I haven't had a lot to say about Fanfest last week yet, and the reason is simple enough: I wasn't there. Other blogs can do a better job than I with talking about what went on. In general, if another blog can provide first-hand experience of a topic, I'm going to let them, and stick to areas where I have first-hand experience, not second-hand experience. I will be at Fanfest next year, though, so you can expect regular updates from me on the blog next year about it. ;-)
That said, speaking as someone who was roughly 4300 miles from this year's Fanfest, a couple of things struck me as a viewer from afar about different approaches from CCP this year as opposed to prior years. Both are quite positive, but both are also a little worrisome.
First, something that we didn't see at this year's Fanfest that has been a recurring theme at past Fanfests is a lot of over-hype. In previous years, CCP had become quite good at making long strings of promises that there was no way they could deliver on, and certainly not in a year. This year, CCP stuck to making promises about things that they could actually do, and actually do in fairly short order. That's a very positive step, and reflects that a healthy dose of reality has taken hold in Iceland. There's nothing wrong with getting people excited, and they did a great job of that with the EVE Forever video. But they made it clear that EVE Forever is a vision, not an upcoming release. It's not set in stone and a ton of things can change.
I did find it kind of amusing that EVE Forever features two things that we were promised wouldn't happen: it's been made clear that people wouldn't be attacking each other on stations, and it's been made clear to us that EVE players wouldn't get to bomb console players with impunity from orbit. EVE Forever threw an amusing spin on an alternative: EVE players can bomb console players from orbit if console players (or their agents) can ride a rocket into orbit and shoot EVE players in the face with a pistol. It's a funny idea, and a great one!
Other than that (and a brief tease of EVE running on Android devices), what was shown were actual deliverables in various stage of beta, most of which we'll probably be seeing on Tranquility this year. I was a little surprised how little work there was to show from the Captain's Quarters, but CCP has demonstrated an ability to meet deadlines under pressure. I was also stunned that there wasn't more shown on DUST 514. DUST 514 was practically a no-show at this year's Fanfest. No new teasers, no new demos... it was hardly even mentioned by name at all. Only a single round-table session about the on-going work to integrate DUST 514 and EVE PI Command Centers, and the EVE Forever video itself, were the only indicators that DUST 514 is still coming.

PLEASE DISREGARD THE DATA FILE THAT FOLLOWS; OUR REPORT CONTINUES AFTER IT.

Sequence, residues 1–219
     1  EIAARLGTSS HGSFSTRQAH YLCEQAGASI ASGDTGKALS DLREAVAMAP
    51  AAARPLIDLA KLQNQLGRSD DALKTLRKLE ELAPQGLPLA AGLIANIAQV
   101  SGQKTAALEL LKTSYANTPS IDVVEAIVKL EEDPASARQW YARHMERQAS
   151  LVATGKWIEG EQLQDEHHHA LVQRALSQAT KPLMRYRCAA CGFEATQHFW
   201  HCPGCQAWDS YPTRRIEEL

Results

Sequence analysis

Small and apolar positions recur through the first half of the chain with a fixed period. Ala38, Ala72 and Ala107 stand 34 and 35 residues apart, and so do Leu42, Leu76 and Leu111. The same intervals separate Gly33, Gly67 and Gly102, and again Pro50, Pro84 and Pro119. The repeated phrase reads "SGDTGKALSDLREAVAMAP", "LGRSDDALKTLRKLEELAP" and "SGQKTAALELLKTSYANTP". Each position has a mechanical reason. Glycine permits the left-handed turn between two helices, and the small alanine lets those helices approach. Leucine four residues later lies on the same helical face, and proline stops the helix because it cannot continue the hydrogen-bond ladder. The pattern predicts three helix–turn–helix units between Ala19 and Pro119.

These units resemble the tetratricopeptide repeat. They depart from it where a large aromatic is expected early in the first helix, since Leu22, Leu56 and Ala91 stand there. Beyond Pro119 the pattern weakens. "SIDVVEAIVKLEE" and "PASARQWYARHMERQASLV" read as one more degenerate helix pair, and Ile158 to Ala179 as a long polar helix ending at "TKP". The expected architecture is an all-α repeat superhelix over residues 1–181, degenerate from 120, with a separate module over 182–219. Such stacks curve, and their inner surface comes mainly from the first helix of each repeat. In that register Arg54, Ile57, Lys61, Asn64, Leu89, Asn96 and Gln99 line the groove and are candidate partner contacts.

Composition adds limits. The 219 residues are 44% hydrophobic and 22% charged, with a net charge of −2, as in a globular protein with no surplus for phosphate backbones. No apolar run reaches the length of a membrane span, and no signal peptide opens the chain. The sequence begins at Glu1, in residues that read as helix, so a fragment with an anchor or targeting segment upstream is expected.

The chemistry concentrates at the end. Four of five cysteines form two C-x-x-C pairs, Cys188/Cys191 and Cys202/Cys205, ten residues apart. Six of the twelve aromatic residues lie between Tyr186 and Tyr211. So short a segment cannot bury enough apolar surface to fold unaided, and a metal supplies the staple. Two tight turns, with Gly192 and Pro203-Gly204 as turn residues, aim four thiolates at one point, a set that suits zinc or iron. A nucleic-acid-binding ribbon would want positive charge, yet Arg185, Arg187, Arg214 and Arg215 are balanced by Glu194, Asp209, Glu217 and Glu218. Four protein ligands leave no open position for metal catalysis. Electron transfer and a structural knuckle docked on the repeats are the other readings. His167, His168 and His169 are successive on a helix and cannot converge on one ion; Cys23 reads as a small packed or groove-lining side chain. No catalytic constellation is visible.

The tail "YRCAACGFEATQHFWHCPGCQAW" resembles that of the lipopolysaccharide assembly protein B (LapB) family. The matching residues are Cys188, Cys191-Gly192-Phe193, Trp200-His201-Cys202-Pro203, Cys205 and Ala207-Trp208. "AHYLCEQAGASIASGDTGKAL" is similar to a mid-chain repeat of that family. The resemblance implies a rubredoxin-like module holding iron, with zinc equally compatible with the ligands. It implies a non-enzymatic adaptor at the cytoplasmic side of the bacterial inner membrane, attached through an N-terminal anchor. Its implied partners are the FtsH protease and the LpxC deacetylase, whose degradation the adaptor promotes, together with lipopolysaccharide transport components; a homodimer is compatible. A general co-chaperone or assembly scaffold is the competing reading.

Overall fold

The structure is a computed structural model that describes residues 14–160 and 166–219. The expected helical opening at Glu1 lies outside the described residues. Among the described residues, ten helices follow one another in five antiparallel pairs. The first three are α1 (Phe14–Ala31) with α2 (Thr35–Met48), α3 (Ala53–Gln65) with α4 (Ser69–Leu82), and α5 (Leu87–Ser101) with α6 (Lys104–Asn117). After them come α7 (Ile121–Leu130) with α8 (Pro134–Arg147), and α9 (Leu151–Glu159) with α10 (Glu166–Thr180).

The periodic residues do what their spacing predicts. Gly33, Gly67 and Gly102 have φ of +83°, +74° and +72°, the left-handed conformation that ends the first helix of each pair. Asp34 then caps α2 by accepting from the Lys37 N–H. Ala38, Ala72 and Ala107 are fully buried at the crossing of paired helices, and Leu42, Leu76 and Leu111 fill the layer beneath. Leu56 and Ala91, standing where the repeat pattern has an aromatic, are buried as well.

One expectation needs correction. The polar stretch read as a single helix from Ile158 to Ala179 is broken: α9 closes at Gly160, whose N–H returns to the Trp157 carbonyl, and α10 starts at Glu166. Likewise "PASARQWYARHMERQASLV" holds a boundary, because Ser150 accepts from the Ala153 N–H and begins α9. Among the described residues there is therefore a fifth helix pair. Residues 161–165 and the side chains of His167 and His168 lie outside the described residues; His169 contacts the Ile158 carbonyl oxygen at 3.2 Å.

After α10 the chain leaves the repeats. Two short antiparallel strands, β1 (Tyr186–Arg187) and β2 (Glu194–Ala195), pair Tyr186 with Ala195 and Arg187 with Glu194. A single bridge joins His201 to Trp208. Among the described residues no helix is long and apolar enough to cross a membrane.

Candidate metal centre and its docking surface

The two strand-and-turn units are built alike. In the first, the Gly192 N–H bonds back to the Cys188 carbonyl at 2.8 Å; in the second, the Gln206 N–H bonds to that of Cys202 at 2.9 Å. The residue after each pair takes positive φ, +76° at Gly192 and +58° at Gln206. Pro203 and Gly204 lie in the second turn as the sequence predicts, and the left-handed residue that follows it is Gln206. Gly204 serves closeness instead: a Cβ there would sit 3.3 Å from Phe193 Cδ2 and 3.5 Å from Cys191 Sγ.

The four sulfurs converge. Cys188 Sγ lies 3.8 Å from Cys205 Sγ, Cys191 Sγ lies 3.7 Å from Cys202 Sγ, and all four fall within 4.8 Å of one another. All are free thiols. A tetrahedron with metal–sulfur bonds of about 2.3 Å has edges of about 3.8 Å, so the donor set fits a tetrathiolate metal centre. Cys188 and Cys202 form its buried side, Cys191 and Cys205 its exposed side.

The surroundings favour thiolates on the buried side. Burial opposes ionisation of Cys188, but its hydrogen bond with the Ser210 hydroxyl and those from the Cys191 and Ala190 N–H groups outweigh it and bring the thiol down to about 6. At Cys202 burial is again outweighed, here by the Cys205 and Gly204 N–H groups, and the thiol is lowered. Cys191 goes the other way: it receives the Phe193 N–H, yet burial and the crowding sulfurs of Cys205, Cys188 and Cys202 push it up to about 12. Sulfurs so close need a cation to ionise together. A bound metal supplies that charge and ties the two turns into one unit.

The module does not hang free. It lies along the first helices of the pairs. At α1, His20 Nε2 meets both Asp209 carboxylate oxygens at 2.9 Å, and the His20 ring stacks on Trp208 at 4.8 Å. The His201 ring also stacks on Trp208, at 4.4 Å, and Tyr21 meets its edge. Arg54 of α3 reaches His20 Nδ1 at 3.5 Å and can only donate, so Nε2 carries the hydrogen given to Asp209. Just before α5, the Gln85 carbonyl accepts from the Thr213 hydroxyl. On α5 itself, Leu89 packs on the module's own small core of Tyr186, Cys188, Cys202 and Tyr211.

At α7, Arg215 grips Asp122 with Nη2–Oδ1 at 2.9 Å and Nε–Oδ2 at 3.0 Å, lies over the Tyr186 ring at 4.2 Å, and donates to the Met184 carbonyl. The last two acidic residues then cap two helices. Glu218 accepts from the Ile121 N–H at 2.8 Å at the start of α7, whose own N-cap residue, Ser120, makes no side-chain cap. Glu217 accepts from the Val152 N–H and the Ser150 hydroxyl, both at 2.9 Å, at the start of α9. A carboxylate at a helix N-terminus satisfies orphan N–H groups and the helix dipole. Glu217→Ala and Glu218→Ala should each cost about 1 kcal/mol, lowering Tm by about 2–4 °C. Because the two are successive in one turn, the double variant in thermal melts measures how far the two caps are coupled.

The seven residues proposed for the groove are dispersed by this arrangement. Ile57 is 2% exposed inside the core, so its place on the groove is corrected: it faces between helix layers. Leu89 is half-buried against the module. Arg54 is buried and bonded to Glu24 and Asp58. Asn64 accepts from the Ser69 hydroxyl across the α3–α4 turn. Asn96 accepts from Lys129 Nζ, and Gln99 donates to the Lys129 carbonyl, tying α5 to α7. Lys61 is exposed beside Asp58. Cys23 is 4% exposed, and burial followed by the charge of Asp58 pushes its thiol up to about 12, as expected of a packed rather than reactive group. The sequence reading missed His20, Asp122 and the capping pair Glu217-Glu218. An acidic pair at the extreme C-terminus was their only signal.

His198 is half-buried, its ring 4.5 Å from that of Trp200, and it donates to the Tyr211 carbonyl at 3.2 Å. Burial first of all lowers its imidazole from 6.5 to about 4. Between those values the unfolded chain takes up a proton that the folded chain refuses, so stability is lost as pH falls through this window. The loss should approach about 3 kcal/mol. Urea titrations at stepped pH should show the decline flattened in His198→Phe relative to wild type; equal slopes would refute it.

So, positive (in the sense that CCP is not over-hyping their products and is sticking to reality), but a little worrisome (in the sense that they've got a lot of work to do yet on the CQ, Incarna, and DUST 514, with not much at Fanfest to show for any of them).
The other positive but worrisome item from Fanfest were the final minutes of Hilmar's presentation during the final minutes of the "CCP Presents" presentation on the last day of Fanfest. Late in his presentation, he stood on stage with the new ISK 3.0 Player's Guide (which is excellent, by the way) and observed that EVE is "hard to learn, hard to explain, and hard to market." "We need your help to take the next level to explain EVE to the rest of the world," he said. He encouraged EVE players to help market the game, and joked that "EVE is real in the same way the Icelandic economy is real." He then went on to point out how involved EVE players are in this game, which is certainly true enough.
Back in the early 1990s, one of the competitors to Windows 3.1 was an IBM operating system called OS/2. OS/2 had a similarly rabid following, many of whom were IBM employees. IBM took similar steps to CCP in that it created customer groups (and even employee groups) to encourage guerrilla marketing and sales of the product. While well-intentioned, these efforts were not particularly successful. They also had a tinge of desperation, a tinge that CCP really doesn't need right now. Such things happen organically, not because you force them. CCP shouldn't try to force.
Still, all in all, Fanfest showed that CCP is listening to players more, and is hyping what they can't deliver much less. They're also realizing more and more that if they want more players, they need to address the "learning cliff." This is a refreshingly realistic approach to the annual get-together, and I hope that it keeps up.
There's one other note from Fanfest that I'd like to mention, but which doesn't fit into either of these two categories. It's also quite positive. A few weeks ago, as one of my position pieces for my CSM6 run, I mentioned that I felt CCP should remain neutral on the question of third-party application developers monetizing EVE support apps. Someone at CCP has decided that they feel the same way, and CCP now has a simple, coherent strategy for third-party application developers looking to monetize. As I understand the policy, if you wish to do this, you'll pay a one-time fee of $99 to CCP to compensate them for the assistance and API access you'll need. I'll keep watching this topic and digging into it, but for now, this strikes me as an excellent compromise. $99 is enough to keep non-serious players out of the game, but is low enough that serious apps won't even feel it. Well done, CCP!
As for myself, I look forward to being at Fanfest in 2012.